What: Samsung is the biggest smartphone maker worldwide and also the sales leader of affordable smartphones in emerging markets.
Why is it important: Samsung’s sales and marketing strategies have proven to be market-specific, meeting customer’s needs and possibilities.
Samsung’s third-quarter operating profit rose to about 10.1 trillion won (US $9.4 billion), beating analysts’ expectations on sales of cheap handsets in emerging markets. As it turns out, its aggressive sales strategy of making its smartphones available at every price point has proven to be quite accurate.
HTC Corp., on the other hand, one of Samsung’s biggest competitors –despite its revival of flagship One handset and a US $12 million marketing deal with actor Robert Downey Jr.–, posted a net loss of US $101 million in the same period, as its global smartphone market share plunged by more than half.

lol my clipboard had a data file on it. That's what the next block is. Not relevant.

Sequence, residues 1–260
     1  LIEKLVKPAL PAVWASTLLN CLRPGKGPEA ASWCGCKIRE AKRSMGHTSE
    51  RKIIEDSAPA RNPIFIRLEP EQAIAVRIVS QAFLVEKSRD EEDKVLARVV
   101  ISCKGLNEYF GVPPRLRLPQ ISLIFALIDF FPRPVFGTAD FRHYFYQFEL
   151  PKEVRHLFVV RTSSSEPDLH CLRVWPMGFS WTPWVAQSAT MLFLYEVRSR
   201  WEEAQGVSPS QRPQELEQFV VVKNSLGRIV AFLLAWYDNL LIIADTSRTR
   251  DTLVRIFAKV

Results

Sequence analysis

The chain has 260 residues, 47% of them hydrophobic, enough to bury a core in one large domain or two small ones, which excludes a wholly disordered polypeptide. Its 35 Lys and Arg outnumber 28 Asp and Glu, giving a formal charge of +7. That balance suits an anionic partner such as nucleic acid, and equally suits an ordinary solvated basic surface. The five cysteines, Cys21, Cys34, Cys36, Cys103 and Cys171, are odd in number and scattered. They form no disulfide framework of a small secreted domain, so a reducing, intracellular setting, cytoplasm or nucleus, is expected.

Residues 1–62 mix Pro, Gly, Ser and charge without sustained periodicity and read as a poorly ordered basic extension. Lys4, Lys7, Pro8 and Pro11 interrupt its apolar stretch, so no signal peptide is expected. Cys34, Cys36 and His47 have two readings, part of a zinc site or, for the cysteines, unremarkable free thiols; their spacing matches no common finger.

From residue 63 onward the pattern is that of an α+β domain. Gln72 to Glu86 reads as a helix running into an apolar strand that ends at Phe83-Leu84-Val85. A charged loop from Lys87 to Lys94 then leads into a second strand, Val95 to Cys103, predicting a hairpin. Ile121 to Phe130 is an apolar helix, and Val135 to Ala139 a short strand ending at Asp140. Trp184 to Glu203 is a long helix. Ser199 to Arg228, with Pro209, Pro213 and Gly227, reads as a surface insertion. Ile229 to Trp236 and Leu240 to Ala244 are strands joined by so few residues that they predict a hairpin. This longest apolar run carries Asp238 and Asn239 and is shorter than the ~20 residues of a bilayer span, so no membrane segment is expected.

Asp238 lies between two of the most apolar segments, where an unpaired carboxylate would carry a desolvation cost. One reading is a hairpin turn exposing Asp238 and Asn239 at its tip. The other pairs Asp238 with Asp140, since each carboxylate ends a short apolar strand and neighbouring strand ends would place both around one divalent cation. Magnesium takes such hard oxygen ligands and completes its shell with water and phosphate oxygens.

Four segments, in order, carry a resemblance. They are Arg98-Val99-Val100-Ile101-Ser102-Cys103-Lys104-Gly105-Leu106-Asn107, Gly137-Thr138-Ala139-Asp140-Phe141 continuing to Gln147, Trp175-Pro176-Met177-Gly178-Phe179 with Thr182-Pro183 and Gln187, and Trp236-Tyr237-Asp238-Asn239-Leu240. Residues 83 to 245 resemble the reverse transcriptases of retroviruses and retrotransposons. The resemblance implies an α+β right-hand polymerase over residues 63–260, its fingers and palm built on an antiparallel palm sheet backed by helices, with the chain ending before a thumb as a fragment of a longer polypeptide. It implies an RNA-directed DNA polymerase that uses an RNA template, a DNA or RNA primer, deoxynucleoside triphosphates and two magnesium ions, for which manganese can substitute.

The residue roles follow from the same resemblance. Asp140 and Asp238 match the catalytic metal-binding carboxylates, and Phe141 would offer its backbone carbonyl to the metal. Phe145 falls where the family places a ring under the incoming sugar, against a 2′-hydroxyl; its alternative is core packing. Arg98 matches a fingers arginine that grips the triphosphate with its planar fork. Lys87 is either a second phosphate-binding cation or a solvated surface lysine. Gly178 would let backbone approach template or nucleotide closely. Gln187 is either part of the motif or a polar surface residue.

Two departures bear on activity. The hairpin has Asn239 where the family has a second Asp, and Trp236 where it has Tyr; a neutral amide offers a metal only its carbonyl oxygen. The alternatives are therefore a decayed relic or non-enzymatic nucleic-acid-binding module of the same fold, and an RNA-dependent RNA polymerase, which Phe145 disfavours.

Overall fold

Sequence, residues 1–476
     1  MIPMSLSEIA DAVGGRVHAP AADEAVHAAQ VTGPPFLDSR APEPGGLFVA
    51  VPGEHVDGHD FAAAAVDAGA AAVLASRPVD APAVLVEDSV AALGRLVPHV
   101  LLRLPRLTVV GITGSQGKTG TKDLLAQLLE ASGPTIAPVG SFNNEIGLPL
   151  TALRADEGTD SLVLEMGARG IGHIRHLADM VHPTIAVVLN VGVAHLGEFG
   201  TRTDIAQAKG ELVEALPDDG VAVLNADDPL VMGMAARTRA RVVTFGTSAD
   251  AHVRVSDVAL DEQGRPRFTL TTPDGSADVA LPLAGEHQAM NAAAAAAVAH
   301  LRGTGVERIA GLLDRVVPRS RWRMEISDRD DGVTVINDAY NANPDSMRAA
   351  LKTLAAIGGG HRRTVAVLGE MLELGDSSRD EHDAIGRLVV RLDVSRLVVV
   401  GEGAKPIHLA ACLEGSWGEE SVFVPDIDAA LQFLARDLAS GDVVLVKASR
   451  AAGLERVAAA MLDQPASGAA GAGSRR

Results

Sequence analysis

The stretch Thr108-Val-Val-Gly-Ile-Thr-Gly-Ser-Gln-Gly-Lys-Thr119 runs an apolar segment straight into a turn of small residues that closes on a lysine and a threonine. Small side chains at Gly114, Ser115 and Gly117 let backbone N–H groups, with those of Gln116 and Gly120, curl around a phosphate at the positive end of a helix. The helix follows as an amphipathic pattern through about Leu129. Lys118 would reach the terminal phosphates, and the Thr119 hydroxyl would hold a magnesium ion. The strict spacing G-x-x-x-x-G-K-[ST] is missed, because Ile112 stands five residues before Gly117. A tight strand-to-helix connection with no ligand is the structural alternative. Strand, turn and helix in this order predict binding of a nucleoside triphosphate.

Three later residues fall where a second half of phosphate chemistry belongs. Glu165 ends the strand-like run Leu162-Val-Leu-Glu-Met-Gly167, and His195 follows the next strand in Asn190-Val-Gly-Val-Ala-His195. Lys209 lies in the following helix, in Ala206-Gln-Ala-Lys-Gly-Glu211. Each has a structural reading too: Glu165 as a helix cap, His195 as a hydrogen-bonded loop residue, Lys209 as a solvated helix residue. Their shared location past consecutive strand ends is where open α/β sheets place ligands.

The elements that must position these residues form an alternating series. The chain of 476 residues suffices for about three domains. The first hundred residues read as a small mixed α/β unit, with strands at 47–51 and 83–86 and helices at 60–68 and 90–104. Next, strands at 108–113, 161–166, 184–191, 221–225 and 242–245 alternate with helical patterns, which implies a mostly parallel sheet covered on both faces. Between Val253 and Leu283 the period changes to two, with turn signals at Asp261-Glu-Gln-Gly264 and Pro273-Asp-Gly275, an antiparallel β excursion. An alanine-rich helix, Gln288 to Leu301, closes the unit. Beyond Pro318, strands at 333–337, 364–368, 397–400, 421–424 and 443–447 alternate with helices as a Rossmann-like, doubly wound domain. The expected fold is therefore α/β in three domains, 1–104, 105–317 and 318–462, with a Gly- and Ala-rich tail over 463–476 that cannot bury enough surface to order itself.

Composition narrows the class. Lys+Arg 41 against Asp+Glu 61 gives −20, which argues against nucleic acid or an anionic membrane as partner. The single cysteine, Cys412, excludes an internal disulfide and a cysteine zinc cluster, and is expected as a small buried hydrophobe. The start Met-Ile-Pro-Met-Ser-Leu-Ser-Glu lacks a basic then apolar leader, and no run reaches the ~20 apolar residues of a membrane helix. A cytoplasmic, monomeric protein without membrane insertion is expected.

Samsung has expanded its range of mid-priced smartphones such as the Galaxy Golden and S4 Mini to capture sales in blooming markets such as China and India. The company has also benefited from rising prices for the memory chips it makes for customers such as Apple Inc.
“Samsung’s identity is all about speed, which is something that no one can easily mimic. The market is changing extremely fast”, said Lee Seung Woo, a Seoul-based analyst at IBK Securities Co.
“HTC needs to figure out if it just wants to focus on the high-end market or the mid- to low-end segment, and right now it is missing out on both,” said Wang Wanli, a Taipei-based analyst at CIMB Securities Ltd.